I’m sure you have already have an incredible amount of knowledge on healing (or else you wouldnt be so successful!!), but for what it’s worth, fasting has created unbelievable (“impossible”) change for my mind and body. Dr Fung writes a lot about it online, but he is far from the only source… he may not even be the most knowledgable! That avenue always exists, and I hope you have/you do experience the joy of it at some point if that’s what works for you. I know only more goodness can come to you as your mind and heart call out to it and it makes its way to you!

    Stay well and take care!! Enjoy your freedom!

  • Rachel777, thanks for mentioning Schindler’s List… a relevant anecdote:

    When I was about 14, I still didnt have any relationship with my oldest sister. She was mean to me, I was mean back. I didnt know her, she didnt know me. Somehow, we wound up watching the movie Schindler’s List by ourselves. When it was over, we sobbed in each other’s arms in a moment of true recognition of the value of love and humanity between us. We are still close today.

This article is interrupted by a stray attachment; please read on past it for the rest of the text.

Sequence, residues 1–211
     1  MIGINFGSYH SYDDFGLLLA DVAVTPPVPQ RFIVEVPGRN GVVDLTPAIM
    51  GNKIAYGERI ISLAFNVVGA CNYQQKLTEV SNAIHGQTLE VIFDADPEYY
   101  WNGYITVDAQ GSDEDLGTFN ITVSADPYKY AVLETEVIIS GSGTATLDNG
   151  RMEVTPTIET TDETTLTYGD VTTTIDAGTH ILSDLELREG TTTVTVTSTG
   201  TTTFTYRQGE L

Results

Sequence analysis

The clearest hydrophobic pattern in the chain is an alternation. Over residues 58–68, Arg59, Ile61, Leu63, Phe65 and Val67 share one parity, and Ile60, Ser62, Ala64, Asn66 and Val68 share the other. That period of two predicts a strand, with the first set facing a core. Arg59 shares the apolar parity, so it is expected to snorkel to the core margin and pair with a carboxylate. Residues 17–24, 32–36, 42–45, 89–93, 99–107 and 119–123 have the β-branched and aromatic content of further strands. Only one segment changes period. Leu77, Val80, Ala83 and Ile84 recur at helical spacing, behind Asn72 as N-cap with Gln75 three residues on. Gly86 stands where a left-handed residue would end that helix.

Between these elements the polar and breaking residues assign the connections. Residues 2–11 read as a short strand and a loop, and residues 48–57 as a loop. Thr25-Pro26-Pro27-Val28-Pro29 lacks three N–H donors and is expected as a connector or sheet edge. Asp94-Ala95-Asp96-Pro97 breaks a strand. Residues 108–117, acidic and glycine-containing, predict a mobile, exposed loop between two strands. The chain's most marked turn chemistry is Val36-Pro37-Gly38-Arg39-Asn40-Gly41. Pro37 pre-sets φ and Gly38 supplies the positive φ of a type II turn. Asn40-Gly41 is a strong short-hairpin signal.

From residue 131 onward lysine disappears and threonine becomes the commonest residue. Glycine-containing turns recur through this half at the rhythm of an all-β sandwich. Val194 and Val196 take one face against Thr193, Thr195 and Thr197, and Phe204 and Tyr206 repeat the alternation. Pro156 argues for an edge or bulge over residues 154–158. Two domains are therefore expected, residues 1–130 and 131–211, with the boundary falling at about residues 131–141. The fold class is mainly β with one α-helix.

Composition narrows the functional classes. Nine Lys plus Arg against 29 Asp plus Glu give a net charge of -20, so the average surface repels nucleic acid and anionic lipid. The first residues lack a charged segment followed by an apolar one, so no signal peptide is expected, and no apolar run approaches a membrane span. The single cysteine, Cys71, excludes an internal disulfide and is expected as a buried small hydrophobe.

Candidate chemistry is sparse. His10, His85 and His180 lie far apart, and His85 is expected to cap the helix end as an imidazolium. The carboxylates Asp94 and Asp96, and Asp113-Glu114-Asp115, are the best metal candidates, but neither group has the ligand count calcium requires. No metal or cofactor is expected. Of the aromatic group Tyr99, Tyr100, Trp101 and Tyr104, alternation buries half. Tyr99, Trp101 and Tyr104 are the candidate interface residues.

What pill could ever replicate such a profound impact? I am of the mind that pharmacy of any variety cannot cure or even ameliorate emotional or social distress in any meaningful way. Connection is the cure for loneliness, because loneliness is the suffering of a lack of connection. Chemistry is irrelevant to the issue – by bringing physiology to the table in a discussion about loneliness, only confusion and trouble can be created. Enough is enough!

    Thank you, Vicki, for illuminating so many of the considerations necessary in the face of such a scary implication by modern medicine.

  • Krista,